Saturday, April 24, 2010

Zenit: Archbishop Speaks on Aquinas and Universities
"We Must Reaffirm the Passion for Truth That Animated St. Thomas"

Wednesday, April 21, 2010

The Treasonous Clerk: “See, I Am Doing Something New”: John Paul II’s Summons to Secular Being, by James Matthew Wilson

The pope’s summons proves extremely daunting: he wants a philosophy attentive to metaphysics in order to reground modern theology in a concern with reality—with objective and absolute truth. But, in 1998, he finds no one (or few) in contemporary philosophy turned toward the questions of being. Who any longer treats philosophy as founded in its sapiential dimension—that is, in its drive to explore the foundational human questions all persons need answered if they are to live fully (§81)? And who endeavors to arrive at philosophy’s “genuinely metaphysical range” (§83), its concern with being, with what is real? And so Fides et Ratio makes an intervention in philosophy in hopes of building up a population of philosophers who might, someday and in turn, help to rebuild modern theology as a discipline attentive to the foundations of reality rather than merely the phenomena of history or experience. Beyond analytic and Continental philosophy, we need, as it were, a renewal of “plain old-fashioned philosophy.”
Emblem of the Papacy

Thus, the provisional nature of this encyclical. It makes insightful arguments about the history of religions and intellectual inquiry in general; it recovers a reading or narrative of history often dismissed as the alibi of an anti-modern Church; but in doing so it primarily makes the case for others to begin a new work: the rediscovery of human life as an intellectual and spiritual pilgrimage whose terrain is always what is real (being) and whose horizons are the specific historical revelation of God’s Word and the “infinite mystery” of God Himself (§14). We are asked to rediscover that the reason of “separate philosophy” leads finally to despair of reason. If, on the contrary, we recognize that reason is preceded by faith (as we experience, for instance, in the already present desire to know the truth about ourselves) and that reason is completed by faith (reason opens onto truths that, finally, surpass it and that it can see in only fragmented fashion) (§13)—we discover something grand. Reason participates in the human being’s circular journey from the gift of being and the gift of revelation toward a theological understanding of those gifts. It is man’s natural means of searching for a truth that ultimately transcends human life and reason alike and brings all searching to an end (§73).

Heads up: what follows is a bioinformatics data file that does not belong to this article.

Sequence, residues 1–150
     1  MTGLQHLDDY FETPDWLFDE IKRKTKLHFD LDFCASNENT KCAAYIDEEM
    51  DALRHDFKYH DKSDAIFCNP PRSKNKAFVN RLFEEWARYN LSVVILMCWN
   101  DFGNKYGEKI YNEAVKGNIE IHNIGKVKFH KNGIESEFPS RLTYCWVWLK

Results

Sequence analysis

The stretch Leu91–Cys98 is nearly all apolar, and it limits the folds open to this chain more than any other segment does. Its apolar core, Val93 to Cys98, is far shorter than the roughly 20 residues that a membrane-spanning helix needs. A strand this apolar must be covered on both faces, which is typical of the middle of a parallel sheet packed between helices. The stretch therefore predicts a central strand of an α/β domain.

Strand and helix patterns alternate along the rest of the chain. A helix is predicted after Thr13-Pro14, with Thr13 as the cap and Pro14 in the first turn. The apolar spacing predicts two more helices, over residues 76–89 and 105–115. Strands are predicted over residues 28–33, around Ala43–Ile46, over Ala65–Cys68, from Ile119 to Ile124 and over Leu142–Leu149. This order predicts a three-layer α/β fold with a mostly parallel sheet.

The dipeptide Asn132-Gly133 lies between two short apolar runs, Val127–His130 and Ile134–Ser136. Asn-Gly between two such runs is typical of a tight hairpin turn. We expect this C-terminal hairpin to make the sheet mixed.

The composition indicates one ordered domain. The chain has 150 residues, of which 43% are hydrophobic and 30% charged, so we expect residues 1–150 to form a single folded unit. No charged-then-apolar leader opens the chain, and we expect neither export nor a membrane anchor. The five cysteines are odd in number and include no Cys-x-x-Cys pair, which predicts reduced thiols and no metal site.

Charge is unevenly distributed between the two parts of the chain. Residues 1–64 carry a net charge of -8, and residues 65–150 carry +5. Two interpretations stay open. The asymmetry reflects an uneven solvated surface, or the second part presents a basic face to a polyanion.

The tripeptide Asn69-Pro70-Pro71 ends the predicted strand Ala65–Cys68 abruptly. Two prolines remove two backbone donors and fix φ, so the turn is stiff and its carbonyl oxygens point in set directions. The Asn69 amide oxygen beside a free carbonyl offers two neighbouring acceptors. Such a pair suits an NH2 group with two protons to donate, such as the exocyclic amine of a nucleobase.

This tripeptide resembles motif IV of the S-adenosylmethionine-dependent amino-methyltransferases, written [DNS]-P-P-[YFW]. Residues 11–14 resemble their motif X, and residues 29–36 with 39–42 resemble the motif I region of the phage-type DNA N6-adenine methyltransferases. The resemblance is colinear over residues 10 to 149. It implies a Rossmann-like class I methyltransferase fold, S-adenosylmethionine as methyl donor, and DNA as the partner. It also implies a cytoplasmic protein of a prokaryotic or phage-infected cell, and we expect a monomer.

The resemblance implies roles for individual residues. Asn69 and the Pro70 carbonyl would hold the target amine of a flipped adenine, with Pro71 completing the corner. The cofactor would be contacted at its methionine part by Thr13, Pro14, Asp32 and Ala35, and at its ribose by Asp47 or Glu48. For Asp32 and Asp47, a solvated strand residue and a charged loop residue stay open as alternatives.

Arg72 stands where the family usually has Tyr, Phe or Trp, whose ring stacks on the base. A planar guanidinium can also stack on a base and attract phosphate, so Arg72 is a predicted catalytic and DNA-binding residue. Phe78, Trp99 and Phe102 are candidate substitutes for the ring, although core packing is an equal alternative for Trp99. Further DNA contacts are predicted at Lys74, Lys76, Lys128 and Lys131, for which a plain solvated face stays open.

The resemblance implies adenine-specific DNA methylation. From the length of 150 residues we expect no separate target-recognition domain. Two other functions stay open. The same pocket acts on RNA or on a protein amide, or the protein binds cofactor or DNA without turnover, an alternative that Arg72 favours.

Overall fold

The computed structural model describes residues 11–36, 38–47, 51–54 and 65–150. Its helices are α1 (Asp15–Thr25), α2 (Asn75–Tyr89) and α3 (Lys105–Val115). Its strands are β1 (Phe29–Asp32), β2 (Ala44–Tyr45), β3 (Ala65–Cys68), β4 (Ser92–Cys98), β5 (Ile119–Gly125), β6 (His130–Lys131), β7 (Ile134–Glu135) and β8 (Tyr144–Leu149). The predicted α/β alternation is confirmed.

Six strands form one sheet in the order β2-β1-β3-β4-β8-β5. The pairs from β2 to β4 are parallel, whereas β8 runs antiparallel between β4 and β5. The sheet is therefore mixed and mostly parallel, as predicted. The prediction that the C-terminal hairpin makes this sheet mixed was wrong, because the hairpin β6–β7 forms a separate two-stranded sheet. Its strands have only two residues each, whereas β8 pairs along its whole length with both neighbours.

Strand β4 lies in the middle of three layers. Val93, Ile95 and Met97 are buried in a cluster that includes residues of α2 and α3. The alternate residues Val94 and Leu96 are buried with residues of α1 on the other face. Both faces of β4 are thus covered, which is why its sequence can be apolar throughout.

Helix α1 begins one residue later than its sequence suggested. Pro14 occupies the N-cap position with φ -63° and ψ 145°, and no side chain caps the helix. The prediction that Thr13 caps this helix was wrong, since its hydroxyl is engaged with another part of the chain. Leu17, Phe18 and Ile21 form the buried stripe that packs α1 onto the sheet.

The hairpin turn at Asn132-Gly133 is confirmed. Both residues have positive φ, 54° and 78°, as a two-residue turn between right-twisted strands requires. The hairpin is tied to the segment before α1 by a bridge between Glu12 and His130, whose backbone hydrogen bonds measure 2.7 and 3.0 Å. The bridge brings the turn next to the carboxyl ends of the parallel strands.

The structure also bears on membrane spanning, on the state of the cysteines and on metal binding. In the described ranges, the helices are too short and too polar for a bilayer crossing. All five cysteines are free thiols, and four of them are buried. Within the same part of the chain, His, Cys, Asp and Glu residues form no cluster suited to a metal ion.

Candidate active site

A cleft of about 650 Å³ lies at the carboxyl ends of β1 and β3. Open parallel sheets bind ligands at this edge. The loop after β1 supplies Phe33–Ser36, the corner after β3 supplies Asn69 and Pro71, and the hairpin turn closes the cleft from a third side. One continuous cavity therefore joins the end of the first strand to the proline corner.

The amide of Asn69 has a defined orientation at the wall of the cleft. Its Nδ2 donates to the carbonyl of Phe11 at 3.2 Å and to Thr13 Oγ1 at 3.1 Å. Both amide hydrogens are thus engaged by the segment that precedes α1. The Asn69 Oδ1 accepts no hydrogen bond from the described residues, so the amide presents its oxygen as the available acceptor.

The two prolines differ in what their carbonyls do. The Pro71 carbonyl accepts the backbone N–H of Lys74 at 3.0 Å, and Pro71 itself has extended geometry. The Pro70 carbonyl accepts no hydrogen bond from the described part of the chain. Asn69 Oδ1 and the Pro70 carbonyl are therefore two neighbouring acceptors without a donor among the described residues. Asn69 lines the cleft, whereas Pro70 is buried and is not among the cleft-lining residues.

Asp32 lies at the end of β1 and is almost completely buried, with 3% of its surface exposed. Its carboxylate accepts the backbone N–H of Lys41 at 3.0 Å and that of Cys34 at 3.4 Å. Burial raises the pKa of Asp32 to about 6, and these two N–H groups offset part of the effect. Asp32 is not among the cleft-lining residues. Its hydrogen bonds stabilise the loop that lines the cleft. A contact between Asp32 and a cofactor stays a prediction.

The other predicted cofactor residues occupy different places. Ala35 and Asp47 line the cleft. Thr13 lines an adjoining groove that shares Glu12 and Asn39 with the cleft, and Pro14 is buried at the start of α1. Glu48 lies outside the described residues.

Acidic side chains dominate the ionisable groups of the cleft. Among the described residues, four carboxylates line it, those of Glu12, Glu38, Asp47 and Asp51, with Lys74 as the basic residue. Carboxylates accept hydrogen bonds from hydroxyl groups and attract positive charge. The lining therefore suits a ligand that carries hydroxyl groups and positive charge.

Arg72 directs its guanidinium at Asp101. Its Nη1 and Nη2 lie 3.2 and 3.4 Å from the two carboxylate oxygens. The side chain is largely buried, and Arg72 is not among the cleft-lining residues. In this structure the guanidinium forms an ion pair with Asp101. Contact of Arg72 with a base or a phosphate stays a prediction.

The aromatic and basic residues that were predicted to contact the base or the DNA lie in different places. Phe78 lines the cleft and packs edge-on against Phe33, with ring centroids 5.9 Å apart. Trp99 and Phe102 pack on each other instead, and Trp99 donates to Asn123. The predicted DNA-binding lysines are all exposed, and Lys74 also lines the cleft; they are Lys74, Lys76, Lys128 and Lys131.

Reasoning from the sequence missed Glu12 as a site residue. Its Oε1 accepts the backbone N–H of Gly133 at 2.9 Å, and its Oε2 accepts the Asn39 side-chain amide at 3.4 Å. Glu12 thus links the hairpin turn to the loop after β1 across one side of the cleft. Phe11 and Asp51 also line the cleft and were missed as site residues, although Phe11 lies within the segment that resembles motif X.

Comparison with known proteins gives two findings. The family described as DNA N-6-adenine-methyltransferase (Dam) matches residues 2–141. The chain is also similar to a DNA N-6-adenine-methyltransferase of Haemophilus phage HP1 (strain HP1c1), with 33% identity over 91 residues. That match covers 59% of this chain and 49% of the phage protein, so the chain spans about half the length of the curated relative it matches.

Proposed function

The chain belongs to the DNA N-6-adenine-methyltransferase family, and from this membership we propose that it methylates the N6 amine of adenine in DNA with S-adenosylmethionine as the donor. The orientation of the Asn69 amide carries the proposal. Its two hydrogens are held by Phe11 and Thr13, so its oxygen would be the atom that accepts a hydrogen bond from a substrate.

Fr. Benedict Ashley has written that Thomism has neglected the historical dimension of being, but it is not clear to me how this can be the case if philosophy is to attain to the Aristotelian ideal of episteme and sophia. The contingent may be helpful in helping us understand natures and causes, but there cannot be a science of the contingent as such. While Pope John Paul II is correct that we are in need of metaphysics, Fr. Ashley rightly reminds those who desire to know that we must first have an adequate physics.
Edward Feser: Dembski rolls snake eyes and the actual response.

Monday, April 19, 2010

Edward Feser, Cudworth and Fuller respond

One of the comments at WWWTW:

30. In order to maintain the unity of body and soul clearly taught in revelation, the Magisterium adopted the definition of the human soul as forma substantialis (cf. Council of Vienne and the Fifth Lateran Council). Here the Magisterium relied on Thomistic anthropology which, drawing upon the philosophy of Aristotle, understands body and soul as the material and spiritual principles of a single human being. It may be noted that this account is not incompatible with present-day scientific insights. Modern physics has demonstrated that matter in its most elementary particles is purely potential and possesses no tendency toward organization. But the level of organization in the universe, which contains highly organized forms of living and non-living entities, implies the presence of some "information." This line of reasoning suggests a partial analogy between the Aristotelian concept of substantial form and the modern scientific notion of "information." Thus, for example, the DNA of the chromosomes contains the information necessary for matter to be organized according to what is typical of a certain species or individual. Analogically, the substantial form provides to prime matter the information it needs to be organized in a particular way. This analogy should be taken with due caution because metaphysical and spiritual concepts cannot be simply compared with material, biological data.

Which reveals two things, to a Thomist -- a Catholic theologian cannot do without adequate training in philosophy, especially physics, if he is to speak of natural things. Secondly, one must look at the causes of natural things in order to judge what others speak of them. While it may be easy for those of some intelligence to look for corresponding concepts, it is unfortunate that they do not see the problem with saying DNA is the formal cause of a human body, which can lend support to a dualistic understanding of human nature. Catholic intellectuals have lost much in the last century.
James Chastek, Notes on Thomism and ID

Sunday, April 18, 2010

Wolfgang Smith has a new book out from Sophia Perennis, according to Amazon, but it is not listed on the Sophia Perennis website yet -- Science and Myth: What We Are Never Told.
NLM: R.I.P. Cardinal Tomas Spidlik
Public Discourse: Free Will and Biology, by William Carroll
Biological reductionism doesn’t disprove the notion of free will.
Edward Feser, ID theory, Aquinas, and the origin of life: A reply to Torley
(via WWWTW)